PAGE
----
Antibiotics are drugs used to treat bacterial infections.
The discovery of antibiotics in the second decade of the previous century has lead to an overall improvement of human health. The World Health Organization states that antibiotics have increased human life expectancy by 10 years.
Causes of infection
Bacteria are microorganisms living in air, water, soil, but also in humans, animals and plants.
Bacteria have a role in the natural chain, for example, bacteria in our intestines help digest food and normal peristaltic of theintestines. However, if they get into an environment which is not their natural habitat, they can cause infections (inflammations) and lead to serious diseases, such as: sore throat, ear infection, pneumonia, meningitis, urinary infections and wound infections. When a bacterial infection occurs, antibiotics are applied to destroy the bacteria and lead to the healing of the infection.
Viruses are micro organisms smaller than bacteria. They live in air, water, and soil. They are not natural inhabitants of human body; once they get into organisms, they settle in the host cells and lead to viral infections. They can cause diseases such as cold, the flu, sore throat, ear infection, contagious diseases such as: measles, rubella but also some difficult diseases such as viralhepatitis or AIDS. Antibiotics are ineffective in viral infections.
Principles of correct use of antibiotics
In order for an antibiotics therapy to be successful and rational, the first step is to choose the right antibiotic. In an ideal situation, every doctor should first do an antibiogram when suspecting a bacterial infection . Antibiogramis performed by placing a biological material from the infection spot (throat, ear, wound, urine, blood or liquor swab) for an analysis, thereby identifying which antibiotic will lead to healing. In many cases however, the severity of the disease makes it impossible to wait for antibiogram results, and doctors prescribe antibiotics relying on the sate of patient and their knowledge of the most common causes of diseases and their sensitivity. The right choice of an antibiotic means:
- Choosing the antibiotic that the cause is the most sensitive to.
- Identification of an efficient drug dose
- Application route: oral, intravenous, intramuscular, local
- Therapy duration
Resistance to antibiotics
Bacteria are living beings that have the ability to adjust to the environment they live in, and develop resistance to external factors. In the presence of antibiotics, they develop defense mechanisms to counteract antibiotics. This ability of bacteria to counteract antibiotics is called resistance. Bacterial resistance to action of antibiotics poses a huge problem to medical practice, and it is the reason why some antibiotics have become useless. Resistance to antibiotics, and their tremendous importance are the reasons why the World Health Organization keeps recommending rational use of antibiotics.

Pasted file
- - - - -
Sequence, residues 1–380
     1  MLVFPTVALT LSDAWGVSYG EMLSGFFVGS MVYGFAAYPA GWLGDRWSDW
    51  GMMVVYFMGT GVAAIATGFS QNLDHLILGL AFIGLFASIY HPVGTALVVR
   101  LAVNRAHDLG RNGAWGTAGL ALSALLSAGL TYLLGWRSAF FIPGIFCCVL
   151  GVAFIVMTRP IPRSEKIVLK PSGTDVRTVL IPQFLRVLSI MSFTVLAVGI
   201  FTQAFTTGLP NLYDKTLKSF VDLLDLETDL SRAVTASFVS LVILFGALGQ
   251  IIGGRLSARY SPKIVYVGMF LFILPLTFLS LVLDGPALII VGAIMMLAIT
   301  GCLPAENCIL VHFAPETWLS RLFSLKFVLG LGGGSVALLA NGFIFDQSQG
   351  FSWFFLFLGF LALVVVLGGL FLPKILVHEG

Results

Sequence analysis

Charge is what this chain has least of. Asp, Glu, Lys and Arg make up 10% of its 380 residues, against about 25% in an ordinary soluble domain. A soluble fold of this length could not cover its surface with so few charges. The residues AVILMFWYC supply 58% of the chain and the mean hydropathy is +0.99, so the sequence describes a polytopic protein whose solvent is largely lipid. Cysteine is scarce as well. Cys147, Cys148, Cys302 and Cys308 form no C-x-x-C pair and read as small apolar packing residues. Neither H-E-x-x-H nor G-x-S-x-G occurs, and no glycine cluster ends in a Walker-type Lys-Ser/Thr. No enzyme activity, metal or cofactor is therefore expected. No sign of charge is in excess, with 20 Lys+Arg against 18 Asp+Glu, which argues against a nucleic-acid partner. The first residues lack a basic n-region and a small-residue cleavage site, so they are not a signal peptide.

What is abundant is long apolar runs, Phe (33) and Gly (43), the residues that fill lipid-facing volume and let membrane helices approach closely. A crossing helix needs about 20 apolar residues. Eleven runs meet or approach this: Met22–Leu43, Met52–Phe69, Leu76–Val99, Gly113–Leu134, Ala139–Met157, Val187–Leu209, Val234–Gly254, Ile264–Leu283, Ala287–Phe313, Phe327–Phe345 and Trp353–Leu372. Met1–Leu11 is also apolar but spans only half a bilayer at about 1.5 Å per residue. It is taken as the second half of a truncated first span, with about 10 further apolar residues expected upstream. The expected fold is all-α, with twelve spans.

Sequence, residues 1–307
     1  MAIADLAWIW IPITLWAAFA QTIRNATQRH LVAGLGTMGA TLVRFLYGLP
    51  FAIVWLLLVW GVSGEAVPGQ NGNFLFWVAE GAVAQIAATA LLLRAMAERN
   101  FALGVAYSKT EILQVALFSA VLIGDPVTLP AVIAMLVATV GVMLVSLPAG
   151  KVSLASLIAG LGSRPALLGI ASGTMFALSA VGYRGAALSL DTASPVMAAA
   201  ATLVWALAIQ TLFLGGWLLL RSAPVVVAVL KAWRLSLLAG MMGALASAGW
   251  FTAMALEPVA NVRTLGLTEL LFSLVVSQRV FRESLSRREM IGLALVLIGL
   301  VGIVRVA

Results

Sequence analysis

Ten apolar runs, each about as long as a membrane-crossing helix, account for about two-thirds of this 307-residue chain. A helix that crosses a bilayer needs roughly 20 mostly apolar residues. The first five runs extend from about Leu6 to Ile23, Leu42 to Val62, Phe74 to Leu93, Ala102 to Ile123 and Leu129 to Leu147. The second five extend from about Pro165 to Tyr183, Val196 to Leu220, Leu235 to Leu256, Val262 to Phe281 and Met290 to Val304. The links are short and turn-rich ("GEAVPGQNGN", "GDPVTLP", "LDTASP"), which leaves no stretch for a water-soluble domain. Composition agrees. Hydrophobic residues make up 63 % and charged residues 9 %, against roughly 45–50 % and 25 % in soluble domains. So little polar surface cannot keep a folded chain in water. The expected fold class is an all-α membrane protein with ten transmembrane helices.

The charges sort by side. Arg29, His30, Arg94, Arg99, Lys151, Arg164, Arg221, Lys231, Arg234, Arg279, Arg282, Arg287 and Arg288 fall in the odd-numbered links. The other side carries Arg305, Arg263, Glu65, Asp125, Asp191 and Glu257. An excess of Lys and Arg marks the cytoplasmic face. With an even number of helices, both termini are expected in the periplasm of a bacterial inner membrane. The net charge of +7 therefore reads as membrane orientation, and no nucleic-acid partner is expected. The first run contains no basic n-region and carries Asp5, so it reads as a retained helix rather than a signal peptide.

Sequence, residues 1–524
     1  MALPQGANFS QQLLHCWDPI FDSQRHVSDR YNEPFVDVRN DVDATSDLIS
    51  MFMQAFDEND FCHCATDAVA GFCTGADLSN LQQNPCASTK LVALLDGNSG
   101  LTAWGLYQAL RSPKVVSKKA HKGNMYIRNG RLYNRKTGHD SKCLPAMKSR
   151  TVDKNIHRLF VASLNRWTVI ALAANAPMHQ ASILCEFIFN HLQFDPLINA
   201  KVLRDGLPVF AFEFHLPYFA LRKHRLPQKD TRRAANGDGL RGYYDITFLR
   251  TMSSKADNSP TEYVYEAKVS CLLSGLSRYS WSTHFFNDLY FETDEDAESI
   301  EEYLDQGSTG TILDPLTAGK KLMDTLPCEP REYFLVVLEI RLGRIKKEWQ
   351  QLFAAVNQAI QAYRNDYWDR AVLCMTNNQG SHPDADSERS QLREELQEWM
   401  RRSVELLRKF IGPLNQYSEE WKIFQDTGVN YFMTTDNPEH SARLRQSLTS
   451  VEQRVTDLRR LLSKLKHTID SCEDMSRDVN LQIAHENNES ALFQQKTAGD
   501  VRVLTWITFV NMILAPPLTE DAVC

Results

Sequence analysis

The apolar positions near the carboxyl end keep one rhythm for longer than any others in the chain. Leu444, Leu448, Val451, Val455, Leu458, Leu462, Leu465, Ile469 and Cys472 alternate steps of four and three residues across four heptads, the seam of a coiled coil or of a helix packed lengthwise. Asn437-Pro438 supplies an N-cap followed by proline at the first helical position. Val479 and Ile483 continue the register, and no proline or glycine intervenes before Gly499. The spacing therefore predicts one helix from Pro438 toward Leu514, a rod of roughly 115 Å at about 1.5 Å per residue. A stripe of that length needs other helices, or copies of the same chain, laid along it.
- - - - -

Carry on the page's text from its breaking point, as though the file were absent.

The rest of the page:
Rational use of antibiotics
Rational use of antibiotics refers to their use in practice only in the cases when its is:
- medically justified
- the use of antibiotics that the causeof infection is sensitive to
- in a dose and length of therapy that will result in healing
Adverse effects of antibiotics
Antibiotics are drugs with relatively few adverse effects.
- Antibiotic allergy is the most prominent adverse effect. Allergies most commonly occur with the use of penicillin and trimethoprim. They can be mild, such as a skin rash, or very severe (anaphylactic shock) even with a deadly outcome. Fortunately, they are very rare. Allergy to one antibiotic can cause a cross-allergy to other drugs from the same group, and the doctor should therefore be forewarned about the existence of the allergy.
- Gastrointestinal problems: the use of some antibiotics can cause nausea, feeling of stomach heaviness, vomiting and diarrhea. The doctor and the pharmacist will always inform the patient about thepossibility of these adverse effects.
Advice for correct use of antibiotics:
- Antibiotics should only be used when the doctor says so
- The dose regime and the therapy duration must be observed. Antibiotics are drugs which must be taken at specific intervals, for example: every 8 hours, every 6 hours or every 12 hours, and long enough (5,7, 10 days) to result in the healing of an infection. The dosing regime and the length of therapy are decided by the doctor, and the pharmacist in the pharmacy will repeat the doctor's instruction when handing over the drug. Antibiotic related complications usually occur when the patient does not observe the time intervals for taking the drug, or ceases using it after 2 or 3 days on account of feeling better. In such cases, the patient may not be healed completely but only temporarily, and the disease my recur a few days later, in a heavier form, and with complications. The doctor then encounters a disease that is more difficult to recognize and more difficult to be prescribed an adequate antibiotic for.
- Should an allergy reaction occur, the use of the drug should be ceased, and the patient should go to see the doctor.
- In the cases of mild adverse effect occurrence (nausea, feeling of stomach heaviness, diarrhea) the doctor and the pharmacist should be consulted about the continuation of the therapy.